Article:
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Author: TMFPMarti Big funky green star, 20000 posts Home Fool Add to my Favorite Fools Ignore this person (you won't see their posts anymore) Number: of 121169  
Subject: Re: Reinvesting Roth liquidated for a tax loss Date: 12/8/2008 6:18 AM
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Am I calculating everything correctly?

No

the actual amount of my cash contributions into our Roths since their inceptions is $11,000 with NO contributions made in 2008. In 2007, I made one distribution of $2756 which reduces my current total contribution to $8244.

So far so good.

The Total value of the Roths is currently $5145.45. It would appear that as of today, my loss would be $3098.55.

Since it's just us friends and I'm on my first cup of coffee, let's call it $3100.

My plan would be to liquidate the Roths at $5145.45 and immediately reinvest it into two new Roth accounts (one for me, one for my wife) as soon as the funds were made available to me (potentially less than a week). This could result in losing little or no value from the transaction (and even perhaps posting a gain if the relative fund prices decreased during the transfer)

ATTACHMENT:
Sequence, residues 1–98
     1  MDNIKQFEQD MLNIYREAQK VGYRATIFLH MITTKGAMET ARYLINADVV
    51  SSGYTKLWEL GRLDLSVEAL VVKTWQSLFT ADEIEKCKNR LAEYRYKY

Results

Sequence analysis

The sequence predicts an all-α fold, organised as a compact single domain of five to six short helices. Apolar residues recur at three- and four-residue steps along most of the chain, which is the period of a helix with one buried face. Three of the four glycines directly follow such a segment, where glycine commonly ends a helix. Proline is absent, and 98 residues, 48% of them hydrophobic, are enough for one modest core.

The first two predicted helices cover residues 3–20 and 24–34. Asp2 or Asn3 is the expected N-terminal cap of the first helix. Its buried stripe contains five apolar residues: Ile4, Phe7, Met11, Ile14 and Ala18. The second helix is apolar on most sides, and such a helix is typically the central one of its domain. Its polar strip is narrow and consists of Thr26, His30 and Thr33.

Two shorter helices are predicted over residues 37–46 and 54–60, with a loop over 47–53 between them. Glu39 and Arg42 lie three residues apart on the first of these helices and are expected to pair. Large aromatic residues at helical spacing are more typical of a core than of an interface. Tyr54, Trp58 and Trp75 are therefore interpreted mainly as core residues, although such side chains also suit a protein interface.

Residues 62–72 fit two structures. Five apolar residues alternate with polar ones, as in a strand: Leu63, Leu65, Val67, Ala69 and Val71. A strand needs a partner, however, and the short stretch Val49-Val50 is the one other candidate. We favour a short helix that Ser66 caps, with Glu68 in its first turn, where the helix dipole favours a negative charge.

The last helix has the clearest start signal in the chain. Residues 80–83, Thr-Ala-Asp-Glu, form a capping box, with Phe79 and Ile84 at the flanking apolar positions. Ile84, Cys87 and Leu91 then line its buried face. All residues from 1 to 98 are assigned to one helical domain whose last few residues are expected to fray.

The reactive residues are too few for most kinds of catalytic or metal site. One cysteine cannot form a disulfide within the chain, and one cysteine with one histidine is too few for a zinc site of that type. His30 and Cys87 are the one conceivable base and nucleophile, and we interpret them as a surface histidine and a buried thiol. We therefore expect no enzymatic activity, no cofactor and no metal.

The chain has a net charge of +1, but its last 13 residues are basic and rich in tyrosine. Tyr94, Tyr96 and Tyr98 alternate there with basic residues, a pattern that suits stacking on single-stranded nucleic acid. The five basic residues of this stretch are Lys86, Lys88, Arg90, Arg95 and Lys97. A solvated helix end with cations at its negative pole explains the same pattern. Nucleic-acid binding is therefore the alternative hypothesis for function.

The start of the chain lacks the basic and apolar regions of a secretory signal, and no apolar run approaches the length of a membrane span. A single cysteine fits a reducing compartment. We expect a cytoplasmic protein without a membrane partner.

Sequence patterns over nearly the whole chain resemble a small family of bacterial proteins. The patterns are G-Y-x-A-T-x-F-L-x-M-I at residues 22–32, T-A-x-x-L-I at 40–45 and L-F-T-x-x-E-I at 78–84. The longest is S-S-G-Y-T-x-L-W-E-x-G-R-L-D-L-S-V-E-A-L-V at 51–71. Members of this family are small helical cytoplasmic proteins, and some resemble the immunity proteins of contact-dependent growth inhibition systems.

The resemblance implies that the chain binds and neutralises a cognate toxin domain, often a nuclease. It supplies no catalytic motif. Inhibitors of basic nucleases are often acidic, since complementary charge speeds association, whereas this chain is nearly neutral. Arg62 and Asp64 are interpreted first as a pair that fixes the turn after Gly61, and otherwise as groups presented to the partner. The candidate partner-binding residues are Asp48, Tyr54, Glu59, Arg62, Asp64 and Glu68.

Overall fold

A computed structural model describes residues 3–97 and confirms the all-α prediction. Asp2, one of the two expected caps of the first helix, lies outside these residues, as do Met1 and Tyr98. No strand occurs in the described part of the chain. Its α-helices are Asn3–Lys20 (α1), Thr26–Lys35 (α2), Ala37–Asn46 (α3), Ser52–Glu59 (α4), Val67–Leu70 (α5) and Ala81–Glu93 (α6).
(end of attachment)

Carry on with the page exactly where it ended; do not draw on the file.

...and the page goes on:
For the sake of discussion let's say the market doesn't budge while you're out. Of course, if you wanted to make sure it didn't budge you could reinvest the next day, while waiting for the funds to settle. Remember, the reinvestment will be a 2008 contribution, so the source of the cash doesn't matter.

If I had an AGI of $100,000, after the 2% rule, I could a claim $1098.55 loss. If I had a 25% tax rate, this would convert into about $823.92 into my pocket.

Aw, you were doing so well and choked at the end.

Working from my simplified Schedule A entry of $3100, you get tax benefit from $1,100. At a 25% tax rate that's $275 added to your pocket.

I don't know how much you were planning on contributing for 2008, but if it was more than $4,855 ($10,000 - $5,145) you have given up that contribution and all its tax-free earnings in exchange for $275 in your pocket. Don't spend it all in one place.

Phil
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